But do you want to hear what I know? Too bad. I’m telling you anyhow.
Martin Luther King, Jr. marched 50 years ago, circa 1963. Sure, Jim Crow was legally abolished and voting rights for Black America soon followed. But not every minority group held the same rights. There was more progress to be had and more equality to be meted out. Substantial progress was made until recently. But now, those original marchers are in their 70s, 80s, and 90s if they’re still alive at all. They have to watch as the banners under which they stood have to be picked up by their children, grandchildren, and great-grandchildren. That was the whole blasted reason why they stood up in the first place. For change. Peace. Prosperity for their descendants. So their descendants didn’t need to fight. Instead, we have fear. Apathy. We have to continue to prove that we are worthy of human consideration. We have to convince people that death is unjust. Technology now lets us show the truth that has persisted. And only if it meets a narrow band of criteria is the injustice oh-so-magnanimously (<sarcasm) given credence.
I'm young, but I'm tired. I've seen that the world is messed up for more than a quarter-century now. Nothing works.
It doesn't matter how nicely I dress.
It doesn't matter how verbose and well-enunciated my speech is.
It doesn't matter if I am a CEO, soldier, or civilian.
It doesn't matter if I vote.
It doesn't matter if I cry out for justice. It doesn't matter how many echo my howling.
The Civil Rights Movement didn't end. It expanded. People who don't want me to live freely are completely content with the fact that I am afraid in this country. They want to push me down further. They want their sense of the old empire. Those that do not serve to be silenced.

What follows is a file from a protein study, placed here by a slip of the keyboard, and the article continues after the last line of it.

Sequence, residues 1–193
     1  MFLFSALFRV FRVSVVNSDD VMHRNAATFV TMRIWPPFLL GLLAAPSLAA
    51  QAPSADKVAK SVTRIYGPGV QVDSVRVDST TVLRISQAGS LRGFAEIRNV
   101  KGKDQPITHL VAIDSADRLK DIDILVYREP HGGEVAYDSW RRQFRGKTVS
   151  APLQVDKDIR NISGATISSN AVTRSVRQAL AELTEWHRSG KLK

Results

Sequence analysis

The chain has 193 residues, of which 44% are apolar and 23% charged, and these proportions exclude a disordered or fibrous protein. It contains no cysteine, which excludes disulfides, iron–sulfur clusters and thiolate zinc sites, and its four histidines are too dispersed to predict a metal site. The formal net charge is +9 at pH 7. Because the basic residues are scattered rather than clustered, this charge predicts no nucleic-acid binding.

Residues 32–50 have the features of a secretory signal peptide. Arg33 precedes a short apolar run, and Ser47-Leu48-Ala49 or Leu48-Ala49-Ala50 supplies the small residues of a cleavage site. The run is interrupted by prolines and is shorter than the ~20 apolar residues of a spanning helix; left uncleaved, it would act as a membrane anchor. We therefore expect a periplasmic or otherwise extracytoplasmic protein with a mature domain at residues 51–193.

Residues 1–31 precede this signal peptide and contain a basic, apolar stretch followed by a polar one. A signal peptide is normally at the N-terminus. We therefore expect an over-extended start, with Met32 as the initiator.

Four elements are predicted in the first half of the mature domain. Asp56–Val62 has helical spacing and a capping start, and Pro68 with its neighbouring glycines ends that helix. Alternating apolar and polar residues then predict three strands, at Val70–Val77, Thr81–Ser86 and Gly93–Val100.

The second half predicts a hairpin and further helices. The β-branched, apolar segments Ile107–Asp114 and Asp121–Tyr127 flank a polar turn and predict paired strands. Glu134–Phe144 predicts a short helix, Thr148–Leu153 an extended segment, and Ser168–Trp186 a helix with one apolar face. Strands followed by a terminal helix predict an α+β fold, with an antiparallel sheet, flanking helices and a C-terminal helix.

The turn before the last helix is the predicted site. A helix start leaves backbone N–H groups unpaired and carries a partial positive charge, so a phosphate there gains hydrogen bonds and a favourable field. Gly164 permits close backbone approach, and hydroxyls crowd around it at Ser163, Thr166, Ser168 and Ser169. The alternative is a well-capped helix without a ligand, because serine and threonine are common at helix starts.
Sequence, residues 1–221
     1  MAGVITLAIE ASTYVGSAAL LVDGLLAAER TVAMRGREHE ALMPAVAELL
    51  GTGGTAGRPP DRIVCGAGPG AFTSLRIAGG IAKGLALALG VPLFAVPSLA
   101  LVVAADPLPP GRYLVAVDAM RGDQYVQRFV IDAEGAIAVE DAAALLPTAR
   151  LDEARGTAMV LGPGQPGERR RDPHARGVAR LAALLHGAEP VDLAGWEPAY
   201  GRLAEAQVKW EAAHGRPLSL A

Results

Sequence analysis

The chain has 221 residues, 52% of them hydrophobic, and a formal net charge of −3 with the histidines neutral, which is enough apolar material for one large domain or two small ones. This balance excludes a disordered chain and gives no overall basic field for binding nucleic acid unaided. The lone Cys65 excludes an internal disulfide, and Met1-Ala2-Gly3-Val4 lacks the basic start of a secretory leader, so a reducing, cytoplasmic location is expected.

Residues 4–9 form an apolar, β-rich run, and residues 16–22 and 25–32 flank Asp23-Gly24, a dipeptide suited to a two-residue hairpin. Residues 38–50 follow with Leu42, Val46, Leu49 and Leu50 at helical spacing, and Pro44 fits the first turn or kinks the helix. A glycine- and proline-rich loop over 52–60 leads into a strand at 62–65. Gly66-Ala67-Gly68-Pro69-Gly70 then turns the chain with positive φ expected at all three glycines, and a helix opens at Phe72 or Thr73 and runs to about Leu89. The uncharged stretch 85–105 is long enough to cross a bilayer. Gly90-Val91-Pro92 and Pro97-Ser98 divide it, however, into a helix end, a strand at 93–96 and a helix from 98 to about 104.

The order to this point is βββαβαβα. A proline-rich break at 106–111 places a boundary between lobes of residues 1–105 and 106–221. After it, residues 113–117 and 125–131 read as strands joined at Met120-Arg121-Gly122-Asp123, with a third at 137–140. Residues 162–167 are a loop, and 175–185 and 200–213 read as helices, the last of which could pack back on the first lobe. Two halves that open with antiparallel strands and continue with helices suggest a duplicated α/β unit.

deep breath followed by a long sigh
Think of World War II veterans. Do you think they’re happy considering they went halfway around the world to end the Nazi regime only to see American-raised Nazis in their own country in their twilight years? If they had the vim, vigor, and vitality of their younger selves, how much anger do you think they would have?
Is it so unreasonable then that a community, making no progress after half a century, has anything left but pain, rage, and sorrow?
If your focus is the looting… if you think THAT is the true tragedy and what is worth wagging a finger of shame about… BLEEDING FINE. You don’t want looting? Stop the protests. How do you stop the protests? Stop police from using deadly and unbalanced force on people who are not being forceful at all. Be with us in our agony. Shout with us. Vote with us. Do something besides kicking back and being holier than thou. (Normally I’d opt for absolute politeness, but I am genuinely raging, so a little needs to make it through.) Help me/us feel at ease in this country and you don’t have to worry about an insured corporate outlet getting ransacked. Join with us so that the inciting incident, an unjust death, doesn’t happen again. Ever.
Until I feel like justice can be done on my behalf, I will not live with a measure of true peace.